STD Awareness: STI vs. STD … What’s the Difference?

When it comes to sexually transmitted diseases, the terminology can be confusing. Some people use the phrase “STD,” some people insist “STI” is the proper set of initials, and every once in a while you might catch someone using the term “VD.” Over the years, the parlance has changed. What’s the deal?

VD: Venereal Disease

Blaming women for STDs (aka VD) is an age-old tradition.

“Venereal disease” has been in use since at least the 1600s (the Oxford English Dictionary cites a 1667 publication referring to a “a lusty robust Souldier dangerously infected with the Venereal Disease”). Around a century ago, Americans flirted with heavily euphemistic expressions, such as “social diseases,” but mostly, “venereal disease” was the terminology of choice for the better part of four centuries — slightly less euphemistic, as “venereal” was derived from Venus, the Roman goddess of love, sex, and fertility. Additionally, since at least the 1920s it was frequently shortened to “VD.” Those of us of a certain age might still remember hushed talk of VD among our grandparents, parents, or peers.

Around the 1930s, public health experts started wondering if referring to VD as a separate category of disease stigmatized these infections and those who carried them, dampening motivation to fight them with the same fervor with which the community battled other infectious diseases like influenza, smallpox, and scarlet fever. In 1936, Nels A. Nelson proposed replacing “venereal disease” with “genito-infectious diseases,” but that never caught on — you haven’t heard of GIDs, right?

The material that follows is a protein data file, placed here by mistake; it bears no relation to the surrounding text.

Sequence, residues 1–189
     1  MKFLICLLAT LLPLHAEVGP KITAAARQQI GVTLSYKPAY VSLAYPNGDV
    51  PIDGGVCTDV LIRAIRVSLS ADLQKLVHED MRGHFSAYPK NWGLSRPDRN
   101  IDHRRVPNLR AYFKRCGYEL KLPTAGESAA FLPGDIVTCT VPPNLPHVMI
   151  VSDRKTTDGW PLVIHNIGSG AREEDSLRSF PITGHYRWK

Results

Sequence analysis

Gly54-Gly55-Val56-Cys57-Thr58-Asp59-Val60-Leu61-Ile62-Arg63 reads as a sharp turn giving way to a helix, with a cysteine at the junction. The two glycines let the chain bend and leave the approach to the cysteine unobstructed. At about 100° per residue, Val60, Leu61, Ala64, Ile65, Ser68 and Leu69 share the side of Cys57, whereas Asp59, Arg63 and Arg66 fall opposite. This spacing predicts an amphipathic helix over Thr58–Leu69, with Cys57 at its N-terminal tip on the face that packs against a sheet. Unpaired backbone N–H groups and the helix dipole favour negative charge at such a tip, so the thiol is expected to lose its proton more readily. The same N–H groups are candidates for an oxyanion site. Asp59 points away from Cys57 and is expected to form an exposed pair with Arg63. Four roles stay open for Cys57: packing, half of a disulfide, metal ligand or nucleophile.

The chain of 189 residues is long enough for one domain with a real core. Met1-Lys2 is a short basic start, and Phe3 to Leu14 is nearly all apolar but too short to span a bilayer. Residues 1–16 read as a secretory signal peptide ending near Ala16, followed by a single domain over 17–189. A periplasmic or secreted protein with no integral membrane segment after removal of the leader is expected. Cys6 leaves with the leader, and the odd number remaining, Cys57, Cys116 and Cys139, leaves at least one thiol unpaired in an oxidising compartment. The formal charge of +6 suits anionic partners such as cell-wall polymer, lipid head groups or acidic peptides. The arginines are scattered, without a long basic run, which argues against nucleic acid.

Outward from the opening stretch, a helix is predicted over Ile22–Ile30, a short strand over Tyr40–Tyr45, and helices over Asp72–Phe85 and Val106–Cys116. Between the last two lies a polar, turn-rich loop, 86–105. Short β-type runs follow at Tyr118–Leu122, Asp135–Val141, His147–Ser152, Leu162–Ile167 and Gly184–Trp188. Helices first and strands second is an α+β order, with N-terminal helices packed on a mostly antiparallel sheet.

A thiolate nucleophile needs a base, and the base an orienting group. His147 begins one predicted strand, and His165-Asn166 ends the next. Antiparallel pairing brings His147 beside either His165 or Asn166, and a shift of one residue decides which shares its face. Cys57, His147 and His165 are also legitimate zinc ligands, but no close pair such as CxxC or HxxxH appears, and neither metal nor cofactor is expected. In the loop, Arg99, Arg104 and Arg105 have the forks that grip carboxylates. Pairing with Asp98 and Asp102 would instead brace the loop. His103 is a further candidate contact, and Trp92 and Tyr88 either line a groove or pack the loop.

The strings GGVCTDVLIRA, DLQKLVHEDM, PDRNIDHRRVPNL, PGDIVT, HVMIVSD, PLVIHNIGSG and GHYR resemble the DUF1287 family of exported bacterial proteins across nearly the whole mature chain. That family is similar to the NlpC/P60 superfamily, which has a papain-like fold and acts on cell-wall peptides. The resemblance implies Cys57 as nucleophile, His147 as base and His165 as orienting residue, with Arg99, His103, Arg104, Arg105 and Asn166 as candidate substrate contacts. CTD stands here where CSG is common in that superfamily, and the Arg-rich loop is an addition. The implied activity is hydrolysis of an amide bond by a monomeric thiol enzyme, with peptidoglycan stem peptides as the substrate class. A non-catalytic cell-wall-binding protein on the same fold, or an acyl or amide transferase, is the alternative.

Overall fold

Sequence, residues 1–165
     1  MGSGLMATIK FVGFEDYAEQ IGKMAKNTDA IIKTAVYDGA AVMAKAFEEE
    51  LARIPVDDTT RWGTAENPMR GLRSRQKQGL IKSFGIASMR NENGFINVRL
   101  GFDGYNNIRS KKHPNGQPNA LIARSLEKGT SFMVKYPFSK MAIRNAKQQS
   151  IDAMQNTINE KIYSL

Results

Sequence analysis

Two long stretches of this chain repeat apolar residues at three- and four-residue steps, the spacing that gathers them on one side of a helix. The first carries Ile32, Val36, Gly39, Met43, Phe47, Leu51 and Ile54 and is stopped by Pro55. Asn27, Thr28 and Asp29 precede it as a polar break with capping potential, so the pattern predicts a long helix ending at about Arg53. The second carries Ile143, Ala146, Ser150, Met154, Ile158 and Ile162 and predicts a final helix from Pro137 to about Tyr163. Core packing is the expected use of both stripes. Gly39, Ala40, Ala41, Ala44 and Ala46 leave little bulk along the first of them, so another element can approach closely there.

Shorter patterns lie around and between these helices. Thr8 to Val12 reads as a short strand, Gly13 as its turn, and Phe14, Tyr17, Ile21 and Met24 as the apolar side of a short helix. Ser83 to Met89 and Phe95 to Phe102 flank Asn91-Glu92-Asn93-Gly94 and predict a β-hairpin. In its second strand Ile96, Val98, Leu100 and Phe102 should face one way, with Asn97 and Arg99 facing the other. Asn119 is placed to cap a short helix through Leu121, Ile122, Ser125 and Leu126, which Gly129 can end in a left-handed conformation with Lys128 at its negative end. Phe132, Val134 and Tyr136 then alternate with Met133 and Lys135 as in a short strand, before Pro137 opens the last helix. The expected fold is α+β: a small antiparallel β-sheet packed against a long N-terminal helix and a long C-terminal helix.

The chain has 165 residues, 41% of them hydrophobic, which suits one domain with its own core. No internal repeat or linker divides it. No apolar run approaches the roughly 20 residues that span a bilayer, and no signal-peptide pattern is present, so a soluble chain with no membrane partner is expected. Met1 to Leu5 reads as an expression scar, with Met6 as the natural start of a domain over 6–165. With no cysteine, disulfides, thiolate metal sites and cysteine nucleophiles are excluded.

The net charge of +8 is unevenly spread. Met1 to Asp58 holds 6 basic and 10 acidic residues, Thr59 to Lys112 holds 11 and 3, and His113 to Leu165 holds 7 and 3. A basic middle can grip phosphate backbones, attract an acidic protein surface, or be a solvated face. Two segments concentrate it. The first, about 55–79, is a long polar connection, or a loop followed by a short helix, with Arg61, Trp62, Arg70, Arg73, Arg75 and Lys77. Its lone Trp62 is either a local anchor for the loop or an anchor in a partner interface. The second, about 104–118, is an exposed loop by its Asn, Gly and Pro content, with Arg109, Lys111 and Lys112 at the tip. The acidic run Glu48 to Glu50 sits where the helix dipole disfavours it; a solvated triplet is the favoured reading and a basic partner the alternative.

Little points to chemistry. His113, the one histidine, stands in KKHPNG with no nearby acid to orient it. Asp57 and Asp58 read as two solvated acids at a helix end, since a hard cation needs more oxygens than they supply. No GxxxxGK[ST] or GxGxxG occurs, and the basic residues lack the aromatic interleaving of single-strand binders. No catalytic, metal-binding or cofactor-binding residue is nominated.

STD: Sexually Transmitted Disease

“Sexually transmitted disease” — STD — was introduced in the 1970s. “VD” was still seen as a stigmatizing term; perhaps “STD” would carry less judgment. Plus, not only was “STD” more literal and less euphemistic than the antique moniker “VD,” it also reflected an expanding conception of what sexually transmitted diseases were.

While “VD” usually referred to “classic” diseases like syphilis, gonorrhea, and chancroid, the 1970s and 1980s saw advances in our understanding of what pathogens were transmitted by sexual contact. We discovered chlamydia in the 1970s, and in the 1980s we learned human papillomavirus could cause cervical cancer. Around the same time, genital herpes began to be conceptualized as a sexually transmitted malady, and shortly thereafter, the HIV and AIDS epidemic introduced us to a completely new virus. “STD” was a new term for a growing group of conditions.

STI: Sexually Transmitted Infection

While “STI” was introduced in the 1980s, it wasn’t until the past two decades or so that there has been a concerted shift away from “STD” and toward “STI,” although there’s still no consensus as to which one is better. One idea is that “infection” is even less stigmatizing than “disease,” and perhaps the new terminology will help people feel less ashamed to be tested or to seek treatment. It’s also thought that people might feel more able to prevent an infection than deal with a disease, inspiring them to use condoms and engage in other health-promoting behaviors.

But mostly, “STI” grew out of our new understanding that sexually transmitted pathogens don’t always cause disease — they linger in the body (infection) but don’t necessarily cause symptoms (disease). The Mayo Clinic puts it simply:

Infection, often the first step, occurs when bacteria, viruses or other microbes that cause disease enter your body and begin to multiply. Disease occurs when the cells in your body are damaged — as a result of the infection — and signs and symptoms of an illness appear.